- Ingrown hairs are typically caused by improper hair removal and/or not enough exfoliation.
- They can cause pain, inflammation and even scarring.
- Tea tree oil can be used to treat ingrown hairs and prevent infection.
Typically the result of hair removal practices, ingrown hairs can be painful, inflamed, and even leave hyperpigmented scars–particularly if you pick or squeeze them in an attempt to resolve the issue.
Although preventing ingrown hairs is the best way to avoid the skin irritation (and sometimes infection) associated with this common skin care problem, tea tree oil can be used to effectively treat ingrown hairs once they’ve occurred.
What Is Ingrown Hair and What Causes It?
When hair that has been removed begins to regrow, it sometimes curls inward and gets trapped back under the surface of the skin.
An ingrown hair usually appears as a small tan or pink bump under the skin, sometimes with a small dark pinpoint (the underlying hair) seen underneath. They can at times get infected, inflamed, itchy, and may contain pus. Pustules and abscesses may even form if there is bacteria on the skin.
The most common causes of ingrown hair include:
The most common type of ingrown hair is razor bumps. They typically occur in areas that are shaved (the face, armpits, legs, and pubic area). The issue may flare up with frequent shaving. Razor bumps are more commonly experienced by people of African descent, as it is more likely for curly hair to grow out and curl back into the follicle without ever leaving the skin.
- Dead skin buildup
Although ingrown hair is primarily caused by hair removal, it sometimes occurs naturally as the result of too much dead skin debris blocking the hair follicle. This can cause your hair to grow sideways and get trapped.
Can Tea Tree Oil Treat Ingrown Hair?
Yes, it can. Due to its potent antimicrobial, antibacterial, antiviral, antifungal and anti-inflammatory properties, tea tree oil can help heal ingrown hairs and stave off infection.
How does it work?
Although tea tree oil will not stop ingrown hairs from forming (exfoliating is the best prevention), it can prevent the area from getting infected, and heal existing infections while helping to relieve redness and inflammation.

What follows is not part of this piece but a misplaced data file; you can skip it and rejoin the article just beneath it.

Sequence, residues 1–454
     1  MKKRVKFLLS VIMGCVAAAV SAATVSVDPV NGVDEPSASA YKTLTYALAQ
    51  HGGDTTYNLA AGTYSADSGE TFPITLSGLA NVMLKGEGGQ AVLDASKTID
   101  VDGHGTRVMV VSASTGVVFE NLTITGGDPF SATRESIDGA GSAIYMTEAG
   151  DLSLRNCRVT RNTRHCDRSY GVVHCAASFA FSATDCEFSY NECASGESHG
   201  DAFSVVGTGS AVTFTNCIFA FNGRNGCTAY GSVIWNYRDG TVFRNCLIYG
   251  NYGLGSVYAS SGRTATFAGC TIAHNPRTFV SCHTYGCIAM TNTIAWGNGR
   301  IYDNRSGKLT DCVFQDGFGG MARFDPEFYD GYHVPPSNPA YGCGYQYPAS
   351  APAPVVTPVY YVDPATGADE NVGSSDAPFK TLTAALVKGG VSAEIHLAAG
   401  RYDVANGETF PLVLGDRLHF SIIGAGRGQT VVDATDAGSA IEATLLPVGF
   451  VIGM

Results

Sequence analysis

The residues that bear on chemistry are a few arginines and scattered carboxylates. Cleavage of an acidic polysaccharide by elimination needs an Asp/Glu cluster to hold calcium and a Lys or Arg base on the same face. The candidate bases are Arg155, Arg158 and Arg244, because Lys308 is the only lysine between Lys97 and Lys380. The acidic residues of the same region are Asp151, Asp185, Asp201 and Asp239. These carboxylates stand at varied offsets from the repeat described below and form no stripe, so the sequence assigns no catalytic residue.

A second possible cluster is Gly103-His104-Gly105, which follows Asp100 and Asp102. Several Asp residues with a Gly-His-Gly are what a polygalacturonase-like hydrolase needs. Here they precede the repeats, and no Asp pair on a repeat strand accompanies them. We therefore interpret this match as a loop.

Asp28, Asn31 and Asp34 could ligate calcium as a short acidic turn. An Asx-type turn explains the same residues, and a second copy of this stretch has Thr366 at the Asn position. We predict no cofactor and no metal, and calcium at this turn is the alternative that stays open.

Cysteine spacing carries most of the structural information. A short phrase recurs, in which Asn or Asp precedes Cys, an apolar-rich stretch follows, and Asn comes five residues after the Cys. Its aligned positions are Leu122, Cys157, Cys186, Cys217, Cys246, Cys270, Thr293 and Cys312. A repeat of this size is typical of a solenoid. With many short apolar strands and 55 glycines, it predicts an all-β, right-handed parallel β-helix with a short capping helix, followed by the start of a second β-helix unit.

Tea tree oil’s many skin healing properties for the treatment of ingrown hair can be broken down into the following:
Tea tree oil has potent anti-inflammatory properties, helping to alleviate any redness and irritation.
Tea tree oil contains the antiseptic agent terpinen, which works to stop or slow the growth of bacteria, soothe the skin, and relieve itchy rashes.
Tea tree oil’s antioxidant properties protect against free radicals and prevent skin damage, reducing pain and stopping wounds from developing.
Those with ingrown hairs often pick or squeeze them to try and extract trapped follicles, creating small wounds. One study found tea tree essential oil can speed up wound healing.
How to Use Tea Tree Oil for Ingrown Hair
When purchasing tea tree oil, purchase a 100% pure, quality oil. If possible, buy organic. For best results, choose an oil with a terpinen concentration of 10 to 40%.
Dilute your tea tree oil with a carrier oil such as coconut or almond oil (10 drops of carrier oil for every 1 drop of tea tree) to avoid potential irritation.
It is always best to do a patch before using tea tree oil by applying a small amount to a small area of skin and waiting 24 hours.
To use tea tree oil for ingrown hair, try a tea tree oil soak.
Tea Tree Oil Soak
Tea tree’s oil’s antibacterial and anti-inflammatory properties are effective at soothing, disinfecting, and healing ingrown hairs, while warm water helps to open up pores, loosening ingrown hair.
- 8 oz. warm distilled water
- 20 drops tea tree oil
- Dip a clean washcloth into your formula of tea tree oil and warm water, squeeze out the cloth, and apply it to the affected area.
- Repeat this process twice a day.
Other Essential Oils for Ingrown Hairs
If tea tree oil causes skin irritation, or you would simply like to explore other natural treatments for ingrown hairs, consider trying these other essential oils:
Peppermint oil can provide relief from skin irritation. It has been shown effective at reducing itching sensations with its cooling, soothing effects.
German chamomile (matricaria recutita) has been found to be an effective skin moisturizer that lubricates, which in turn helps prevent ingrown hairs.
Lemongrass (cymbopogon citratus, stapf) oil can be used for its antibacterial, astringent, and skin rejuvenating properties, helping to disinfect and resolve ingrown hairs.
By keeping your skin exfoliated, moisturized, and clean, the occurrence of ingrown hairs can be reduced or prevented.
Essential oils like tea tree oil can be useful in soothing, treating, and preventing the infection of ingrown hairs.
If your ingrown hairs persist or become infected and do not respond to DIY treatments, be sure to talk to your doctor about other treatment options.
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